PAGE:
Here is What Hedge Funds Think About Avangrid, Inc. (AGR)

We at Insider Monkey have gone over 700 13F filings that hedge funds and prominent investors are required to file by the SEC The 13F filings show the funds’ and investors’ portfolio positions as of September 30th. In this article, we look at what those funds think of Avangrid, Inc. (NYSE:AGR) based on that data.

Is Avangrid, Inc. (NYSE:AGR) the right pick for your portfolio? The best stock pickers are taking an optimistic view. The number of long hedge fund positions went up by 2 recently. Our calculations also showed that agr isn’t among the 30 most popular stocks among hedge funds.

In today’s marketplace there are many signals market participants can use to appraise their stock investments. Two of the most under-the-radar signals are hedge fund and insider trading interest. We have shown that, historically, those who follow the best picks of the top money managers can outperform the S&P 500 by a solid amount (see the details here).


Let’s take a gander at the recent hedge fund action encompassing Avangrid, Inc. (NYSE:AGR).

What have hedge funds been doing with Avangrid, Inc. (NYSE:AGR)?

Heading into the fourth quarter of 2018, a total of 18 of the hedge funds tracked by Insider Monkey were long this stock, a change of 13% from one quarter earlier. By comparison, 11 hedge funds held shares or bullish call options in AGR heading into this year. With hedgies’ capital changing hands, there exists a few noteworthy hedge fund managers who were increasing their holdings significantly (or already accumulated large positions).

No of Hedge Funds with AGR Positions

Of the funds tracked by Insider Monkey, Pzena Investment Management, managed by Richard S. Pzena, holds the largest position in Avangrid, Inc. (NYSE:AGR). Pzena Investment Management has a $84.8 million position in the stock, comprising 0.4% of its 13F portfolio. The second largest stake is held by Electron Capital Partners, led by Jos Shaver, holding a $61.2 million position; the fund has 8.8% of its 13F portfolio invested in the stock. Other professional money managers that are bullish include Jim Simons’s Renaissance Technologies, D. E. Shaw’s D E Shaw and ZilvinasáMecelis’s Covalis Capital.

With a general bullishness amongst the heavyweights, key hedge funds were leading the bulls’ herd. Arrowstreet Capital, managed by Peter Rathjens, Bruce Clarke and John Campbell, established the largest position in Avangrid, Inc. (NYSE:AGR). Arrowstreet Capital had $4 million invested in the company at the end of the quarter. Matthew Tewksbury’s Stevens Capital Management also initiated a $1.8 million position during the quarter. The other funds with new positions in the stock are Bernard Lambilliotte’s Ecofin Ltd and Alec Litowitz and Ross Laser’s Magnetar Capital.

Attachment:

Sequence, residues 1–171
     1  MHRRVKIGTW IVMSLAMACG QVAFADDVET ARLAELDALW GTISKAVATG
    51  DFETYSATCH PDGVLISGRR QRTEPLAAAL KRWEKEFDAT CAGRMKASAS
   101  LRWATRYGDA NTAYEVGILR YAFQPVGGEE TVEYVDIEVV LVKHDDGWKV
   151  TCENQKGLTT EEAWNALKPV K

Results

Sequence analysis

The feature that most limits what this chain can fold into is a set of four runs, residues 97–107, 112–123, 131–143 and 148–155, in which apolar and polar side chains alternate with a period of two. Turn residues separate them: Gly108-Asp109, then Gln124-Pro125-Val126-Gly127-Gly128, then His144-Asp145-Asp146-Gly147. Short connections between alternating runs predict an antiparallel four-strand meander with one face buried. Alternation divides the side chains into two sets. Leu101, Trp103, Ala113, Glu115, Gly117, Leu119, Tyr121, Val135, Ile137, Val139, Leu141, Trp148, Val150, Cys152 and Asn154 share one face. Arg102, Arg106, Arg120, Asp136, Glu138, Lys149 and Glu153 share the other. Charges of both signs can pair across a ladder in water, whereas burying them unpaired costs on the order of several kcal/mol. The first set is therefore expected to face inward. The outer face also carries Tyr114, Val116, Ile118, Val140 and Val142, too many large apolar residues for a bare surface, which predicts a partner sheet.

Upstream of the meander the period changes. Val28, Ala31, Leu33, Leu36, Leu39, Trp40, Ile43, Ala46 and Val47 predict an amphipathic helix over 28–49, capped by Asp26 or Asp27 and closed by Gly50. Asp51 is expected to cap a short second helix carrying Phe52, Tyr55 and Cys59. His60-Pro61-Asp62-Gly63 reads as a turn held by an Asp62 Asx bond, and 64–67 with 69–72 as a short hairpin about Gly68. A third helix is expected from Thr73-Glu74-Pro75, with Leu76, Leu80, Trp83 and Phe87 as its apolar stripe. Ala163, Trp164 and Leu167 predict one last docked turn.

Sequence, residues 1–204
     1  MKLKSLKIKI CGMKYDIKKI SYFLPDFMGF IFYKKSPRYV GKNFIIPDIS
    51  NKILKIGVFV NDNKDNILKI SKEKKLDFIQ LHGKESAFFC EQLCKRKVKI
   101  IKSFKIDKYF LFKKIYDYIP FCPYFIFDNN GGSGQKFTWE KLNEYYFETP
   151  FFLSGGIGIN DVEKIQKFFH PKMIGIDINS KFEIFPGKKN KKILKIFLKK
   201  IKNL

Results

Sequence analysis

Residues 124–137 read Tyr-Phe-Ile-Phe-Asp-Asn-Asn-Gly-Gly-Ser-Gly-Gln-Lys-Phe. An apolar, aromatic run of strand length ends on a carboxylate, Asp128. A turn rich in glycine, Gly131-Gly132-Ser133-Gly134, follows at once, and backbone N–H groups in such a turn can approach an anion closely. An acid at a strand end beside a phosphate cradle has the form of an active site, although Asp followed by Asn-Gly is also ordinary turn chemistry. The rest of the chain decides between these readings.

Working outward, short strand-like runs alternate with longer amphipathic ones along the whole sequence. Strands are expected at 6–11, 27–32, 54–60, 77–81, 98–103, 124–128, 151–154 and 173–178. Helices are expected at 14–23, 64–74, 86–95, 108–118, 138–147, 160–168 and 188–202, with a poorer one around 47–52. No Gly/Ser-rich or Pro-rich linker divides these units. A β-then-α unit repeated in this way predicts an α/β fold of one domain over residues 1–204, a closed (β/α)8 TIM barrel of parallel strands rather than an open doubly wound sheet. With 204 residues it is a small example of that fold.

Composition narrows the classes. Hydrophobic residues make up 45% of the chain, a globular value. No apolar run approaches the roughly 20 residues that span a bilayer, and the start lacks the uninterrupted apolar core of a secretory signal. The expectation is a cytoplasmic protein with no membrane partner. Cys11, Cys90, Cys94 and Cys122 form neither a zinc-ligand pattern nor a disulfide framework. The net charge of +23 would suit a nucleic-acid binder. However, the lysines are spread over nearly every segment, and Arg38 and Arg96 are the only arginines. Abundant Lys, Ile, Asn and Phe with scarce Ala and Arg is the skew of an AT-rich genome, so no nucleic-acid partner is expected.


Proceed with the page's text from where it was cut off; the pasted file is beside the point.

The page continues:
Let’s also examine hedge fund activity in other stocks similar to Avangrid, Inc. (NYSE:AGR). We will take a look at Quest Diagnostics Incorporated (NYSE:DGX), Vulcan Materials Company (NYSE:VMC), Incyte Corporation (NASDAQ:INCY), and Entergy Corporation (NYSE:ETR). This group of stocks’ market caps resemble AGR’s market cap.

Ticker No of HFs with positions Total Value of HF Positions (x1000) Change in HF Position
DGX 38 649415 9
VMC 35 1338856 1
INCY 37 3254536 0
ETR 27 1329530 6
Average 34.25 1643084 4

View table here if you experience formatting issues.

As you can see these stocks had an average of 34.25 hedge funds with bullish positions and the average amount invested in these stocks was $1.64 billion. That figure was $293 million in AGR’s case. Quest Diagnostics Incorporated (NYSE:DGX) is the most popular stock in this table. On the other hand Entergy Corporation (NYSE:ETR) is the least popular one with only 27 bullish hedge fund positions. Compared to these stocks Avangrid, Inc. (NYSE:AGR) is even less popular than ETR. Considering that hedge funds aren’t fond of this stock in relation to other companies analyzed in this article, it may be a good idea to analyze it in detail and understand why the smart money isn’t behind this stock. This isn’t necessarily bad news. Although it is possible that hedge funds may think the stock is overpriced and view the stock as a short candidate, they may not be very familiar with the bullish thesis. In either case more research is warranted.

Disclosure: None. This article was originally published at Insider Monkey.